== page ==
Dolphins saga remains a sordid mess

Ted Wells investigation outlines abuses outside of Martin

The NFL released the independent investigation Feb. 14 into the Miami Dolphins workplace harassment claims, which were made by offensive lineman Jonathan Martin.

He wrote the report unsure of some pieces, stitching together more than 144 pages of an National Football League-inspired report into Miami Dolphins tackle Jonathan Martin's meltdown with phrases like, "We struggled with how to evaluate," and "puzzling," and "difficult to explain."

Ultimately, investigator Ted Wells understood enough to rightfully conclude several Dolphins offensive linemen "engaged in a pattern of harassment" against Martin and others that led to Martin's emotional breakdown last year.

But what's makes this ugliest chapter in Dolphins history even uglier than expected are the parts Wells had no problems painting. A Dolphins player referred to as "Player A" subjected to constant gay jokes. An employee referred to as assistant trainer, who was Japanese-born, subject to racist taunts.

It was through the prism of their stories, and others, that the problem inside the Dolphins can be seen as something much more than Martin's problem. It was the developed culture's problem.

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It is coach Joe Philbin's problem.

It is owner Steve Ross's problem.

Certainly it isn't closing with this report, either, if just for follow-up issues from center Mike Pouncey and guard John Jerry being singled out in the report for homophobic behavior.

NFL Commissioner Roger Goodell won't let that pass without some penalty, probably a suspension for at least a game. Nor should he in the league that just welcomed openly gay Missouri player Michael Sam.

Where it turns ugly for the Dolphins, though, is that people in positions of responsibility knew what was going on. Knew? Offensive line coach Jim Turner contributed to it.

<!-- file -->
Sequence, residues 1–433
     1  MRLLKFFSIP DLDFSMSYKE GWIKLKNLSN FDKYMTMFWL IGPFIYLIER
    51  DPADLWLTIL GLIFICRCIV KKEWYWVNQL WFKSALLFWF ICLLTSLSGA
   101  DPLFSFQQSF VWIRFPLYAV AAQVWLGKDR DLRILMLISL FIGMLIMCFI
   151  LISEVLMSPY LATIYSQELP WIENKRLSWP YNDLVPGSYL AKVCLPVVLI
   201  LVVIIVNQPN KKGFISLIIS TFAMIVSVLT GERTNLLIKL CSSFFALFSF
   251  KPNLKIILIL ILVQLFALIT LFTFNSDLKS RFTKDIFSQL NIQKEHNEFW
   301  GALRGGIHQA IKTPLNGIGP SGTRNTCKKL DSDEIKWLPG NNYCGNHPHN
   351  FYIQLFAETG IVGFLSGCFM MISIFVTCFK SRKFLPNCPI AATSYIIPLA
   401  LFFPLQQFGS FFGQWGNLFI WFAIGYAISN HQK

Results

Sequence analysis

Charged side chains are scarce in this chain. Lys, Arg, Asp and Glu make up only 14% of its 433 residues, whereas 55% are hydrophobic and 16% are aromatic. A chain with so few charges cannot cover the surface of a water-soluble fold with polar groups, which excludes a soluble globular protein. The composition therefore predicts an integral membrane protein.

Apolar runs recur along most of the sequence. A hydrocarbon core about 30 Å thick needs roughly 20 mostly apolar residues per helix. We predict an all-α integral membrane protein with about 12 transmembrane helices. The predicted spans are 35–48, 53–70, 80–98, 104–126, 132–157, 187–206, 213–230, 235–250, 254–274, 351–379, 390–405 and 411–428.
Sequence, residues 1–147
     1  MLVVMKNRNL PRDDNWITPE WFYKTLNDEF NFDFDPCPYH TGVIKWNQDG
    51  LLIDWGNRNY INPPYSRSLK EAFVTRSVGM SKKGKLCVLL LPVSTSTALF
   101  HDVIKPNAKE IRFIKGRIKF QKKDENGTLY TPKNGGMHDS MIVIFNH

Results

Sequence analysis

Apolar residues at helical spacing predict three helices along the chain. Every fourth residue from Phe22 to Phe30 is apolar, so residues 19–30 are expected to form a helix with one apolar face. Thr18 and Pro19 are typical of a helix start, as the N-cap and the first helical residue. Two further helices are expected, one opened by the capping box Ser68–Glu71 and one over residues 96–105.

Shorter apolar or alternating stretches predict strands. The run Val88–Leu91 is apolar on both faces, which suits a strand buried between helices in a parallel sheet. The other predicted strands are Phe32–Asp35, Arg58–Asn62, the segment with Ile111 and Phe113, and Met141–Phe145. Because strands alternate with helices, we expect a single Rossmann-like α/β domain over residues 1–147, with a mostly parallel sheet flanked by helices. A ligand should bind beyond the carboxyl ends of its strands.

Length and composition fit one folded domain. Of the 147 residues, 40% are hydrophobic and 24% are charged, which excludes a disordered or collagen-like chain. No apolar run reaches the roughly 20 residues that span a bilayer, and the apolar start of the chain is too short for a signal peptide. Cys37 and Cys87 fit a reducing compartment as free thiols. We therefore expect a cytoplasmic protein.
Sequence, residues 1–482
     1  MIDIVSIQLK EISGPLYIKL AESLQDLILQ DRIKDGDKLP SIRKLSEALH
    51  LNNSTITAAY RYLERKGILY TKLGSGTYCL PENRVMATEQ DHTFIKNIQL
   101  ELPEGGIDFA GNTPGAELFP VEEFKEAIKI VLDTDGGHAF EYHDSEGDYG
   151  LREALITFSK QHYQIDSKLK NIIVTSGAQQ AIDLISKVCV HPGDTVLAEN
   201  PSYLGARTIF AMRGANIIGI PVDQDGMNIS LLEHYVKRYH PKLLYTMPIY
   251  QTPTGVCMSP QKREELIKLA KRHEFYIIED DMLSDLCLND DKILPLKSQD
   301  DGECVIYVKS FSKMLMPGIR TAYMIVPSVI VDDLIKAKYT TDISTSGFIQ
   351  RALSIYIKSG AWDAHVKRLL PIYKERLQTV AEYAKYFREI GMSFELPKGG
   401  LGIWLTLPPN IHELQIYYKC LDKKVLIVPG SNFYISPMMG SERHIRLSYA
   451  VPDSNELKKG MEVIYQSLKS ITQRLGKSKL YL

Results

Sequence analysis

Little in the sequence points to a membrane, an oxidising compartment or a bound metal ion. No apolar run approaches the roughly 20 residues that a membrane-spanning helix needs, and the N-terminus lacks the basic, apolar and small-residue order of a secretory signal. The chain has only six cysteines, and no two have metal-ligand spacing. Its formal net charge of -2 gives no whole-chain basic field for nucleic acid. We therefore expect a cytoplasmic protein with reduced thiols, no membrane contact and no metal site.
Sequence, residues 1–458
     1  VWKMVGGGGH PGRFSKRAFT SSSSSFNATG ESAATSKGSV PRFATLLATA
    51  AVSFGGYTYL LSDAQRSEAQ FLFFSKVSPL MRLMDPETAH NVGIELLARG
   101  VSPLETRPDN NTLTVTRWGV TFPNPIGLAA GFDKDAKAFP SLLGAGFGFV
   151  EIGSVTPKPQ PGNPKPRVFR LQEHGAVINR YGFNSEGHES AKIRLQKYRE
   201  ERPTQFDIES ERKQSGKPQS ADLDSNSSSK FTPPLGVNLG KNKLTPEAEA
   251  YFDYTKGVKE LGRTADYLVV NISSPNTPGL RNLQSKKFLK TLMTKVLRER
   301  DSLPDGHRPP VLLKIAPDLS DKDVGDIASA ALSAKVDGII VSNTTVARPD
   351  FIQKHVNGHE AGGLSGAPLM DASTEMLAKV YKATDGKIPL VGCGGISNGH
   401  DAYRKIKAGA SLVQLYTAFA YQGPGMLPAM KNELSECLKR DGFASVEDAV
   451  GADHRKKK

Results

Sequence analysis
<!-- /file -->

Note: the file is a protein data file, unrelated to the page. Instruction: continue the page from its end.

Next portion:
He gave "Player A" a male blow-up doll. He knew linemen were belittling teammate Nate Garner – "and was even in on it," Incognito said in a text.

Turner knew of Martin's emotional issues, including suggestions of suicide. But he sent several texts in the days after Martin left the team demanding he come public to save Incognito's reputation.

"DO THE RIGHT THING. NOW," one text read.

This leads to the next question: Where was Turner's boss? Where was Philbin, the man who assembled this staff, who is responsible for this locker room, who as this story broke in November said he was intent on having a "safe atmosphere?"

"Coach Philbin and the Front Office Did Not Know About the Harassment," a segment of the report headlines.

This is meant as a section of praise that the man in charge didn't know about the harrassment of Martin, the assistant trainer or "Player A".

"After interviewing Coach Philbin at length, we were impressed with his commitment to promoting integrity and accountability throughout the Dolphins organization—a point echoed by many players,'' he said.

This doesn't add up. A head coach's first job is creating a staff of like-minded people. He also is responsible for creating a culture of respect inside the team and knowing where red-button problems are among his employees.

There are three awful instances of problems that he didn't know about. And that's not a problem? What's the bigger issue here – that Philbin didn't know, which Wells lauds him for, or why he didn't know?

Who's to blame for this?

Who isn't?